“Our cast came in and sat so firm in those roles – they knew exactly who they were from day one.”
This wasn’t, however, a stellar cast. Aside from Eugene Levy and Catherine O’Hara, most had limited experience of a long running T.V series.
Annie Murphy, who plays Alexis Rose hadn’t worked in two years.
Jennifer Robertson, who plays the part of Jocelyn Schitt had, the day before she landed the role, “filled out an online application to stack shelves in a supermarket, but realized she needed to drive a fork-lift truck for the job.”
David Levy had experience of T.V, but not much of acting. He’s a revelation.
It wasn’t past competence that won them the roles. They were simply a perfect fit for the roles that they were to make their own.
So for realtors/estate agents, it matters little that you’re up against the #1 realtor in your area. If you’re the perfect fit for that vendor, it will play out. If – they know who you are.
Another fascinating insight into character arc was when Daniel Levy mentioned wardrobe.
“Wardrobe is probably the most important element in storytelling, outside of actual writing, because we, as people, say so much about who we are and what we believe in, what we want, what we think of ourselves, by the way we dress. People look at you differently.”
It’s a common question in real estate. Should I wear a suit and tie? How should I dress?
There’s the stereotypical look, of course. The shiny suit and obligatory Beemer set of wheels.
Is that really who you are?
More pertinent, is that how you wish to be seen?
If jeans and a designer shirt are more in keeping, wear that.
It demonstrates authenticity – fundamental, in standing out.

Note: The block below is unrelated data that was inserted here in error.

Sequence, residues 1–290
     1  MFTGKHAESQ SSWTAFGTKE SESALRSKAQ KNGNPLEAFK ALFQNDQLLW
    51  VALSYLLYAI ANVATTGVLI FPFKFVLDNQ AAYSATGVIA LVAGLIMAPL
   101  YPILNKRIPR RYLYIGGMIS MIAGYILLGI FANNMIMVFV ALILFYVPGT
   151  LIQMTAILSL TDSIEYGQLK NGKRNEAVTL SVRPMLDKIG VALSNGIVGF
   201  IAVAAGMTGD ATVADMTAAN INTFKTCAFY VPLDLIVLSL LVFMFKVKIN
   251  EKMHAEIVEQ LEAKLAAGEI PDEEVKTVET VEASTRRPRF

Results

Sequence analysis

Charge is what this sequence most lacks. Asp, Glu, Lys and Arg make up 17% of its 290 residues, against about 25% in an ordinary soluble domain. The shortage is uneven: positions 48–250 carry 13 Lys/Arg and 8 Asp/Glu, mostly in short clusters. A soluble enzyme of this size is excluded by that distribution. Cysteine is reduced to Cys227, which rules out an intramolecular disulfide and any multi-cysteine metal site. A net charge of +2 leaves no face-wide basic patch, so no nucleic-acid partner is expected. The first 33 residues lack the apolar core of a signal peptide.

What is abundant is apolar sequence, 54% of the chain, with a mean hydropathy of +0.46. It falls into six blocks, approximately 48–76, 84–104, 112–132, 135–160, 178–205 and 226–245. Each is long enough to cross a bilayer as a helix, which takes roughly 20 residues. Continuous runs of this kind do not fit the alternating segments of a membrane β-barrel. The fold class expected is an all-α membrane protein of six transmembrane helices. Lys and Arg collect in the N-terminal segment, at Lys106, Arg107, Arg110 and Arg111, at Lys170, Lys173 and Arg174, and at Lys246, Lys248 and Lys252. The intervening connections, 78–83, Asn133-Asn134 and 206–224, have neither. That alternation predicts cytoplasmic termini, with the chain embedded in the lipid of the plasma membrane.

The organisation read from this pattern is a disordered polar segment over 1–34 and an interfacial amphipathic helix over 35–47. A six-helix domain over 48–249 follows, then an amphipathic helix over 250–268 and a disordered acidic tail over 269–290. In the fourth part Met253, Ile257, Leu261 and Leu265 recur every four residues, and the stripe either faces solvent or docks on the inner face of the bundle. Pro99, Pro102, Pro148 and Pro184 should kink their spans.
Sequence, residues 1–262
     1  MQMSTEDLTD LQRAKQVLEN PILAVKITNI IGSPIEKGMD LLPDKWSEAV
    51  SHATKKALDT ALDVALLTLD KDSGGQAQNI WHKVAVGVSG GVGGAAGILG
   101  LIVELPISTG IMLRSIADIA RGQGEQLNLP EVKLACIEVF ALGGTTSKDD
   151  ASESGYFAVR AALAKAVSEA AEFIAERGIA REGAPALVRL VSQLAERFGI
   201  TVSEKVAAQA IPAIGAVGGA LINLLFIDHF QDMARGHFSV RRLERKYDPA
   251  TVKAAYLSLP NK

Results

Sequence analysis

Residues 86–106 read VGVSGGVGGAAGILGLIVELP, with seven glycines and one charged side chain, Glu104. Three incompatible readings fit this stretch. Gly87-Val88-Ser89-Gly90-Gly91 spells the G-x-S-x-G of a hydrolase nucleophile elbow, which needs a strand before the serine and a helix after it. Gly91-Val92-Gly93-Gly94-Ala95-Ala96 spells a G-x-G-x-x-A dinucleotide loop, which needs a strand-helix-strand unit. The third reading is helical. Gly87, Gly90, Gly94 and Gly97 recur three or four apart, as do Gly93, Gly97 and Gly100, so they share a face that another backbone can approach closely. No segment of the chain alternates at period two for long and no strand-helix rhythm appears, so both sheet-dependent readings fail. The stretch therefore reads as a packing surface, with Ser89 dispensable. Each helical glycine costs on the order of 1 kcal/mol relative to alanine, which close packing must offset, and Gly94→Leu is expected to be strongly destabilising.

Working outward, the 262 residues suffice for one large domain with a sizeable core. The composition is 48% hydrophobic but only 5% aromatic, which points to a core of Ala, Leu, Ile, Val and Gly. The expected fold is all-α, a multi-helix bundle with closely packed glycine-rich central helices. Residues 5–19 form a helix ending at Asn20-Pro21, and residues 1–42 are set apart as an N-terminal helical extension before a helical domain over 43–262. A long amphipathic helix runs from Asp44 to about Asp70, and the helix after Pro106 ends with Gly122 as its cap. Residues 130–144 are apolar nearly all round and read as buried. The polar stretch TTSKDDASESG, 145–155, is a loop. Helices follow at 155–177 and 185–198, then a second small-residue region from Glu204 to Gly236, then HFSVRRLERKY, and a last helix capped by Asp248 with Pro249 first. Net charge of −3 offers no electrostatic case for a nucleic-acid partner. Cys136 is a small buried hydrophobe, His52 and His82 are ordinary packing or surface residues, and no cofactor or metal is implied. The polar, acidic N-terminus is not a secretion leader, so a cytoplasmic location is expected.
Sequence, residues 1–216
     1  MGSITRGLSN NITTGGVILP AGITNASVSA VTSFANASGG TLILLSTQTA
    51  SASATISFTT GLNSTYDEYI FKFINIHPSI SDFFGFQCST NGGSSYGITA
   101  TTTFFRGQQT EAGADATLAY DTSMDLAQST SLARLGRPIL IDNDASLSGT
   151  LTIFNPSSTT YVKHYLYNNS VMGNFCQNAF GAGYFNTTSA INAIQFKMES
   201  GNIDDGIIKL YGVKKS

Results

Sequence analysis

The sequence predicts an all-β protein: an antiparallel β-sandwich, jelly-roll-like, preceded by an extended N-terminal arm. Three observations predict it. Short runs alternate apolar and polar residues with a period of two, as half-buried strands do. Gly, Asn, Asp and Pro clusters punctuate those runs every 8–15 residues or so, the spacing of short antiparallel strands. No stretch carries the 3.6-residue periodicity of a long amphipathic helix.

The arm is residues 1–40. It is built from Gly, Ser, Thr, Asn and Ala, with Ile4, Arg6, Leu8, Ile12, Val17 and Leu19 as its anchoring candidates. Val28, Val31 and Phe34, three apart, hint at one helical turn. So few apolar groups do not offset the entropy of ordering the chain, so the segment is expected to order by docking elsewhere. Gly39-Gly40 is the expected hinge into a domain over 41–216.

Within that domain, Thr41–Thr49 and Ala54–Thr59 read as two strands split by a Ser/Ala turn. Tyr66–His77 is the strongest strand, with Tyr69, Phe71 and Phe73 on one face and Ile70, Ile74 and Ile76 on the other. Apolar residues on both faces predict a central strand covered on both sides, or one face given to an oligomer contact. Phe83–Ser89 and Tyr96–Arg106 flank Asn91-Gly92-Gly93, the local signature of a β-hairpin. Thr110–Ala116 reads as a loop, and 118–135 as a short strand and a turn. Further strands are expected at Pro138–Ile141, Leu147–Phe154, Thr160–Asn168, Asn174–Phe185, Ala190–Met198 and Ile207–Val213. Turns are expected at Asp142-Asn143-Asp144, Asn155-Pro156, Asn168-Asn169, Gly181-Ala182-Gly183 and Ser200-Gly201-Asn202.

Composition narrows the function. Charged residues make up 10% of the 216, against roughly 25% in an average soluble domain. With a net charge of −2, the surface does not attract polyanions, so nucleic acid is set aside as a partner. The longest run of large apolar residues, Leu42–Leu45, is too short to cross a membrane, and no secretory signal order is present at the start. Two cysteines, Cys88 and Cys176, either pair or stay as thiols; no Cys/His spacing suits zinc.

Then, to end. This from film director, Cameron Crowe (Jerry Maguire, Vanilla Sky).
“Nothing happened too soon and the love that started to come in was well earned. Every line is classic, so well written, but they take the time to give you the moments between the lines.”
It’s those moments between the lines that resonate.
Daniel Levy, wringing every last drop of emotion from his facial expressions.
Disgust, sadness, happiness, fear, anger, surprise and his signature-look – that of contempt.
An acting masterclass.
What to take from all of this?
Estate agency has a few memorable characters, but to quote from the series they….
“kind of blend into the background. Like a smoke alarm.”
For the most part, agents don’t stand out. They’re not memorable. As a consequence, they’re forever having to sell themselves and their agency, anew.
It’s as if they have had all the emotion drained out of them and what’s left is an anemic shell of a realtor. Professing their competence, but with no way of knowing whether they’re telling the truth.
If there’s no emotional investment in the character of a T.V series, it’s unlikely to prove a hit. If there’s no emotional investment in the character of agents within your firm, there’s no way for a vendor to tell them, and your competitors, apart.
That’s what’s really missing from estate agency.
It’s easily fixed. And, for the most part free to fix.
What’s not to like?
Thanks, as always, for reading.
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Any questions, or comments, on personal brand/story, let me know. I’m happy to help.